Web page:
Since the Ellen MacArthur Foundation was launched in 2010 with the aim of popularising the idea of a circular economy, the concept has gained momentum from policy makers, businesses and NGOs. The European Commission is fostering the implementation of a Circular Economy Action Plan across Europe, and other countries, including China, have been inspired by the European initiatives to produce their own ambitious circular economy agendas.

Interestingly from the Smart CSOs Lab perspective, an increasing number of diverse NGOs concerned about climate change, resource depletion, and waste are promoting the concept as their vision for an ecologically sustainable economic system.

The aim of the circular economy is to optimise resource-use yields in the economy and, as a consequence, minimise the creation of waste. The core idea is to 'close the entire loop' of the production cycle (cradle-to-cradle) and maximise the recycling and re-use of material. The concept promotes new product design to facilitate such re-use and recycling, as well as new product-service models that transform the way we consume and who owns the product. (Think of standardised parts that would work in multiple products, and long-term rental contracts for washing machines and dishwashers.)

circular It’s clear that the Ellen MacArthur Foundation has marketed the circular economy concept very well, through high profile events such as the World Economic Forum and TED talks, all showcasing the model as a pragmatic win-win solution for everyone.  Apart from the ambitious claim to solve the problem of climate change, resource depletion, and waste, the promoters of a circular economy promise economic growth and job creation.

So, is this a good thing? Or is it a false solution?

Without a doubt the circular economy and the ideas behind it could make a big difference towards an ecologically sustainable future – but only if they become part of a more comprehensive transformation of our political, economic and social systems.

But so far the idea has been championed - and is now perceived by many - as almost a magical solution: a more or less straightforward approach to tackle the global ecological crises. What seems to be forgotten is that for complex problems simple solutions do not work. Consequently, the risk of disappointment is high.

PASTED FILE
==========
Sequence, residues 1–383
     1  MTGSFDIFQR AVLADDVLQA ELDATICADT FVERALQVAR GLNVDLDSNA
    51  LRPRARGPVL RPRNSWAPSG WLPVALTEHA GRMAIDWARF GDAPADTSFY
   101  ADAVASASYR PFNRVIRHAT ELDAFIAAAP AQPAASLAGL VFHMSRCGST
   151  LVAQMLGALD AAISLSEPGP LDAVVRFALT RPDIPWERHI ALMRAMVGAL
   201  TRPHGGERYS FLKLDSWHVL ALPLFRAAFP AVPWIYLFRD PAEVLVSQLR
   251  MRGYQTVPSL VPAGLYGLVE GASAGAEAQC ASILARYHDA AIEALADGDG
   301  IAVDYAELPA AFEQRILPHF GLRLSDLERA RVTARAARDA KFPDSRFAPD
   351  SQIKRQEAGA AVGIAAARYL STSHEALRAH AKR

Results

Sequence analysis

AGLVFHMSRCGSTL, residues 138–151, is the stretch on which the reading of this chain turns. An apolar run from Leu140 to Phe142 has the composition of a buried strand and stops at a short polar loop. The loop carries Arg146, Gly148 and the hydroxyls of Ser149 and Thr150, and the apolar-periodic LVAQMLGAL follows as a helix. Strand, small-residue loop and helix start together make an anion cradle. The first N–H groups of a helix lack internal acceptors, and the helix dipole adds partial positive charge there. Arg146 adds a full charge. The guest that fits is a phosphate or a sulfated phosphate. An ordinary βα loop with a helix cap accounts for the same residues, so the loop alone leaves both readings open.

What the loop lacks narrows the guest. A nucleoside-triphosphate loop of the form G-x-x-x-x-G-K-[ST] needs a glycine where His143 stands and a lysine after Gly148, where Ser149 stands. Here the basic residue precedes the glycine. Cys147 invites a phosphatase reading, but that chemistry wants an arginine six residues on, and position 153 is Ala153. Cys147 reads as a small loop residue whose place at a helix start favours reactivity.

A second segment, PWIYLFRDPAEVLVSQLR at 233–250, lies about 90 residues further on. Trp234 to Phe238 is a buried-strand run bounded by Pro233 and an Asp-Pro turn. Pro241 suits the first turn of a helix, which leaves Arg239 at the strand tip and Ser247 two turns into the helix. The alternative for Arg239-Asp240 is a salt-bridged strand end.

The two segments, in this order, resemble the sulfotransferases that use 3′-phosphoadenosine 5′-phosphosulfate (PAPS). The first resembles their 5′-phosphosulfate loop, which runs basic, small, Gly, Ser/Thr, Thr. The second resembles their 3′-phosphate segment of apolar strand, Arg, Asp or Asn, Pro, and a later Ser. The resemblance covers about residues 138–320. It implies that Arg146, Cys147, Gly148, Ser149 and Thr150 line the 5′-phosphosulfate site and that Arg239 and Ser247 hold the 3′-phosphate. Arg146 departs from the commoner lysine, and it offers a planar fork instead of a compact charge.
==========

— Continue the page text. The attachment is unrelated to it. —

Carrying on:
The main flaw of the concept as it is currently being promoted is that it views the world through a purely engineering lens while (ironically) ignoring the economic part of the system.

Recent research has analysed whether closing material and product loops does in fact prevent primary production. The researchers concluded that “circular economy activities can increase overall production, which can partially or fully offset their benefits." This suggests that the circular economy carries the well-documented rebound effect known from energy efficiency strategies.

The current approach to and narrative of the Circular Economy creates the false illusion that we can tackle all our ecological problems with an approach of technical engineering. It is clear that the strategy was designed to make it attractive for large global corporations to become partners. It promises growth for business - and this is exactly the problem. While technical solutions can result in a lower per-unit impact, overall the environmental benefits will be largely offset by economic growth.

One of the intellectual pioneers of the circular economy, architect and economist Walter Stahel, put a special emphasis on shifting the tax burden from taxing labour to taxing non-renewable resources as a way to incentivise and accelerate innovation to a circular economy and create jobs. Such a strategy could mitigate the flaws of the circular economy while offering a solution to structural unemployment. But it would make the concept unattractive for big business and is therefore not encouraged by the promoters of the circular economy.

Civil society organisations trying to identify and promote more systemic solutions to current social and ecological challenges should avoid falling into the trap of supporting and promoting the circular economy narrative as it is currently unfolding.

The environmental crises are systemically intertwined with the crises of inequality, migration and democracy. None of these crises can be adequately addressed in isolation, but the circular economy does not consider the enormous inequality inherent to financial capitalism nor the continuous democratic erosion we are experiencing as a result of the market society that we have become.

A more comprehensive analysis of the economic system and of the root causes of global crises is therefore required. It would lead to different conclusions, leverage points and strategies. A future economic system has to find solutions to the problem of economic growth and wasteful consumerism, as well as to the undemocratic power structures in the global economy. The circular economy can only become a positive contribution to a new economic system if it is embedded in a vision and narrative of a post-growth and post-neoliberal economy.

A much more critical discourse about the circular economy is urgently needed. The ideas behind the circular economy are undoubtedly important elements of the Great Transition, but the concept is consistently being promoted in isolation as a holistic framework for a new economy – which it isn't.

Civil society organisations that want to change the system should be wary of magic win-win formulas to address our global crises. Instead they should confront the deeper issues that cannot be solved with a technical fix. The undoubtedly important concepts of the Circular Economy will only work if they are integrated into deeper and wider strategies for economic system change.


Written by Joséphine von Mitschke-Collande and Micha Narberhaus